John Kasich Botched The ‘God’ Question

Matt K. Lewis Senior Contributor
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It should have been a layup, but I found myself disappointed at the flippant way the Republican candidates talked about faith during Thursday night’s GOP primary debate. And, arguably the worst was Ohio Gov. John Kasich — a man who frequently talks about his faith.

A couple of caveats: First, I think Kasich was one of the “winners” in Thursday night’s debate. Second, although I think that talking about faith is perfectly legitimate, I didn’t like how the candidate all essentially felt compelled to commingle the City of God with the City of Man (think of Marco Rubio’s joke about God loving the Republican Party by blessing them with so many good candidates, while the Democrats only have Hillary — or Ted Cruz’s co-opting of “you shall know them by their fruit” and turning it into a litmus test for ideological purity).

Having said that, I found Kasich’s answer to the God question to be perhaps the most revealing — and what it revealed was perhaps self-centeredness. Here’s the transcript:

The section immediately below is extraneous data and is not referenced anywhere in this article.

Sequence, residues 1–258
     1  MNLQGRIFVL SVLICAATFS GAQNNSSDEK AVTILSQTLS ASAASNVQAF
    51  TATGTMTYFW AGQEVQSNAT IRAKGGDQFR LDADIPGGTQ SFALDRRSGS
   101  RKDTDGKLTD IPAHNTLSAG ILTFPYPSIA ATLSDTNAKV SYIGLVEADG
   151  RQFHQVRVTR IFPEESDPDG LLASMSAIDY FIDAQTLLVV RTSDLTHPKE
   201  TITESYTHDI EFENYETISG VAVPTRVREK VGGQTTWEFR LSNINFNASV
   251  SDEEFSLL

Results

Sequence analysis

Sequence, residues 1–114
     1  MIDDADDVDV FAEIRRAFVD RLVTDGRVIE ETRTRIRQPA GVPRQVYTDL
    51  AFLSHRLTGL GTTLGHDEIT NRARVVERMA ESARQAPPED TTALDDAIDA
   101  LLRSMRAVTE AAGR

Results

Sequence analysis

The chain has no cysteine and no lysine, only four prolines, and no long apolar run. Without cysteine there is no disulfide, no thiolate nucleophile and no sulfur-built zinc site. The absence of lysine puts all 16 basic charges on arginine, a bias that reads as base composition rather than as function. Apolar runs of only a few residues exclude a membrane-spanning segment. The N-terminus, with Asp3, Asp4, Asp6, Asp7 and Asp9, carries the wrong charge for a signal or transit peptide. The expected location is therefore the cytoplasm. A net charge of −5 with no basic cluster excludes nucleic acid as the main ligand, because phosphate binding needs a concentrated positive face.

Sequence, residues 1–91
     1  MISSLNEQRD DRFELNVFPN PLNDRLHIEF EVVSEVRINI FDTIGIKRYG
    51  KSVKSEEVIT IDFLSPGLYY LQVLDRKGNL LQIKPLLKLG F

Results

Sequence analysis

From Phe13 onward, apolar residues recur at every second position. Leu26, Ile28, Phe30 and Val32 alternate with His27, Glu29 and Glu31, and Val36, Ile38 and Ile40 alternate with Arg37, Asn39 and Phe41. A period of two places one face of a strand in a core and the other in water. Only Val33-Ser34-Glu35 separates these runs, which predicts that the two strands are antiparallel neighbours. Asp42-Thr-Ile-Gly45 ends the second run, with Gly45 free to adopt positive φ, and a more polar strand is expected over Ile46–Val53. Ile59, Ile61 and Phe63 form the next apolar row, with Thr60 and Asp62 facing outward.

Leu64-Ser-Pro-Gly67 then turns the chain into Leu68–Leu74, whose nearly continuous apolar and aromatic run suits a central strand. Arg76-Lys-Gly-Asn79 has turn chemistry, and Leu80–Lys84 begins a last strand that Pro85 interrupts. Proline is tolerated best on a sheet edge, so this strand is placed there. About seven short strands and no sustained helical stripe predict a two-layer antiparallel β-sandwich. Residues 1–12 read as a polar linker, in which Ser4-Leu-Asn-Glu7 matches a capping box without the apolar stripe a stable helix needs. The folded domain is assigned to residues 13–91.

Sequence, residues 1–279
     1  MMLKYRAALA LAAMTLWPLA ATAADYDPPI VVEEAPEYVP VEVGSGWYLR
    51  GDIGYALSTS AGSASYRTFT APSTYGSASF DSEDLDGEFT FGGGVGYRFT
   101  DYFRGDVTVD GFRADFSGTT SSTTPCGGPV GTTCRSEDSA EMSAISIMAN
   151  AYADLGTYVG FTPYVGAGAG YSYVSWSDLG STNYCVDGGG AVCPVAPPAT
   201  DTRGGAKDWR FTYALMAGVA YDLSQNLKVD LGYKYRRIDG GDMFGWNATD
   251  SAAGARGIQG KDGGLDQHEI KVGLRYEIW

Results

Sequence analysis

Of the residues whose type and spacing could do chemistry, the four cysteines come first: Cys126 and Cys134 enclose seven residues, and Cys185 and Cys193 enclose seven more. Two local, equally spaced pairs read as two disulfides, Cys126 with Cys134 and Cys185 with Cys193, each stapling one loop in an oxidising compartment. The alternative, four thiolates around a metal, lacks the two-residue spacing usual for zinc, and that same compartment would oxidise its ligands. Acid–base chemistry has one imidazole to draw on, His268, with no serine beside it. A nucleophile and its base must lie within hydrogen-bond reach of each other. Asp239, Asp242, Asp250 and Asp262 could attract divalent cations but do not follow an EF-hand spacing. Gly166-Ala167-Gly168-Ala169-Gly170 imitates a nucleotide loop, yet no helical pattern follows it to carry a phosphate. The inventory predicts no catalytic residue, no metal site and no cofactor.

KASICH: Well, Megyn, my father was a mailman. His father was a coal miner. My mother’s mother could barely speak English. And their son today stands on this podium in the great state of Ohio not only as the governor, but a candidate for president of the United States. (CHEERING AND APPLAUSE) KASICH: I do believe in miracles. You know, I’ve had a lot of elections. But my elections are really not about campaigns. I tell my people that these are about a movement. And a movement to do what? To restore common sense. A movement to do things like provide economic growth. And a movement not to let anybody be behind.

Huh? It seemed like a non sequitur. It seemed to betray a certain self-centeredness. Why would a question about God (specifically, whether “any of them have received a word from God on what they should do and take care of first”) lead him to discuss his hardscrabble beginnings? He went on to talk about other stuff; you can read the rest here.

Again, Kasich wasn’t the only candidate that felt compelled to take what might have been an interesting moment of witness and personal reflection, and tarnish it with partisan politics. But it seemed especially discordant to me. At best, this was a missed opportunity; at worst, it told us something about Kasich.

Matt K. Lewis